Empty seats at the Olympics show the reality of corporate Britain

Posted on July 29, 2012 by | 3 Comments

I watched a bit of the Olympics yesterday. The road race cycling seemed to be well attended, even if many of us didn’t get the result we wanted to see. But watching the tennis made me wonder why there were so many empty seats. It dawned on me that these were probably seats offered to corporate sponsors, and unfilled because they couldn’t find people to fill them. I was right. Corporations are denying seats to people. And it wasn’t just tennis, it was all of the events. Amazing gymnastic feats were being performed to half full arenas.

Then it struck me that this was a pretty profound demonstration of the state of Britain. Literally tens of thousands of people wanted tickets to events like gymnastics and tennis. But they were denied those tickets because the corporate monoliths that have the money to pay for branding claimed tickets they couldn’t even use.

Banks, management consultants, PFI companies, and the plutocratic elite of global capitalism are wasting seats at Britain’s sporting event of a lifetime.

It is notable because it’s so obvious.

In other places it’s hidden because you can’t see the massive pile of cash that corporations have stacked up. You can’t see the impact their executives have on the housing market, buying properties they neither need nor use. The damage they do by manipulating food prices to the cost of consumers and producers. The people untreated so that the NHS can pay for the profits of corporations that have built PFI hospitals. The NHS is obliged to meet PFI payments to corporations before they pay for treatment for the ill, for doctors or for nurses.

This has a huge impact on our lives. The recession is being lengthened by a lack of spending – a lack of spending caused by corporate hoarding of money. Big corporates are raking in the profits while people go untreated in PFI hospitals. Public services are being slashed while quantitative easing building up banks’ balance sheets and in turn fueling bankers’ bonuses. Speculators are driving up the price of food and other commodities. All of this is causing the cost of living to increase for most people. And most of it is being done simply because corporate Britain likes hoarding things it doesn’t need. Things much more important than seats at the Olympics.

And this is why the government and the right wing media are so keen to pour abuse on disabled people for claiming benefits. It’s why there is a constant attack on immigrants for ‘taking our houses and jobs’. In fact, it’s not disabled people, or immigrants that are taking our houses and our jobs. Attacks on disabled people, people who can’t get jobs and immigrants are a way to distract from the people really making it difficult for us. It’s corporate Britain and the plutocratic elite that controls those corporations that is making us all poorer.

The key problem we must tackle in the years ahead is the utter corporate domination of our society and democracy. It’s not public services we can’t afford. It is big corporations piling up cash they don’t need that we can’t afford.

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3 Responses to “Empty seats at the Olympics show the reality of corporate Britain”

  1. APNo Gravatar
    July 30th, 2012 @ 4:04 am

    Except your “corporate domination of the Olympics” theory falls down somewhat with the news that these seats are not those that have been given to Olympic sponsors, but rather those that were given to the “Olympic family”, such as NOCs, other athletes and coaches and the media…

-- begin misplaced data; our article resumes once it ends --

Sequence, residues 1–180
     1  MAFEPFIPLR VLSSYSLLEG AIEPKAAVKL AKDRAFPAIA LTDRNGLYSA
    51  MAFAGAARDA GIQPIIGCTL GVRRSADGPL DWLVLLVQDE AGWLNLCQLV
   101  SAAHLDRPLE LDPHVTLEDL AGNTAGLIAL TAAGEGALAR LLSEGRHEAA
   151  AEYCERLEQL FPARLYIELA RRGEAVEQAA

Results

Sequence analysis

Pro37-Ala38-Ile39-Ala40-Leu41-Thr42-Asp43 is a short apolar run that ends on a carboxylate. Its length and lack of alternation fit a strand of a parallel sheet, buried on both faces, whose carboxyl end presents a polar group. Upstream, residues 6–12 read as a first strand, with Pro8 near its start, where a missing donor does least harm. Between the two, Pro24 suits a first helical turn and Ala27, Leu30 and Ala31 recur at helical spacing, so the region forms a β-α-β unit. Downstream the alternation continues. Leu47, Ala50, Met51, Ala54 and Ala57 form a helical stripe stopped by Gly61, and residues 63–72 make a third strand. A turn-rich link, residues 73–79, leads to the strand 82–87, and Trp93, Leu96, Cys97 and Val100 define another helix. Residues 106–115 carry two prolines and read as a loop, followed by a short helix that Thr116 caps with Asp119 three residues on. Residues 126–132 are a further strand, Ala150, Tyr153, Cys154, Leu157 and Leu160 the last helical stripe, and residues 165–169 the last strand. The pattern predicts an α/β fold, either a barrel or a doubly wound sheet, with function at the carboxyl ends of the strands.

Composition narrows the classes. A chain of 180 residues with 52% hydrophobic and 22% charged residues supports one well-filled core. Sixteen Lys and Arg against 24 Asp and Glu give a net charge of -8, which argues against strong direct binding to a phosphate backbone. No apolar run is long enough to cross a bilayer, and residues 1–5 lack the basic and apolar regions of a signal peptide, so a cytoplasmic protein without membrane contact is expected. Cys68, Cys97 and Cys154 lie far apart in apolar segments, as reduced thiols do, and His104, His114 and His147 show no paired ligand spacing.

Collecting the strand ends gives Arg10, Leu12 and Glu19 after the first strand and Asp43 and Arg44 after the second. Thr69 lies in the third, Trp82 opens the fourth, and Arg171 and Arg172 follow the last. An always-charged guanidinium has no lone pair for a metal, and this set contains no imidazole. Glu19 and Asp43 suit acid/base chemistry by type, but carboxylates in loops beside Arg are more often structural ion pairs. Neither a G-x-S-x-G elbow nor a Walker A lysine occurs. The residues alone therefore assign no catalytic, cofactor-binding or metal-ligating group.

2. Peter Mountford-SmithNo Gravatar
    July 31st, 2012 @ 10:47 pm

    It seems odd for AP to claim that the empty seats are not those given to sponsors, when all accounts that I have seen bunch together sponsors, NOCs, the “Olympic family” and media, and don’t seem able to identify which of these groups have left what quantity of seats unused; because the empty seats are unticketed, presumably.

    One explanation from the Telegraph is this:

    “…Around eight per cent of tickets have been made available to sponsors and three quarters to the public. Another 12 per cent go to National Olympic Committees five per cent to the “Olympic family” of athletes and officials. While some of the unused seats are those reserved for the “Olympic family” who simply do not turn up to events they are not interested in, the greater problem comes from the agencies who handle the sale of the tickets abroad. Up to 70,000 of those tickets could be simply thrown away because it is not cost-efficient for ticket agencies to return them. Another 50,000 premium tickets are being held back by foreign ticket agencies hoping to make a killing by selling them at grossly inflated prices at the last minute…”

    Possibly the NOC officials are a bit wary of selling on tickets for personal profit this time round, given the fuss that has been made about this sort of petty corruption in previous years. Sponsors and ticket agencies leaving seats empty, either deliberately or not, certainly fits the description of “corporate domination”.

    But of course the point about corporate domination of the Olympics is far wider than the issue of empty seats. I was interested to read this description of it from Andrew Gilligan in the Telegraph, an individual and a journal which can hardly be described as thinking of corporations as inherently bad. His point is to attack the left as too uncritical of the games, but the points he makes about the games’ defining characteristics are telling, and certainly bear out the view that there has been wholesale domination by corporate interests, extending to attacks on civil liberty, harassment, arrest and eviction. The empty seats seem the lesser problem.



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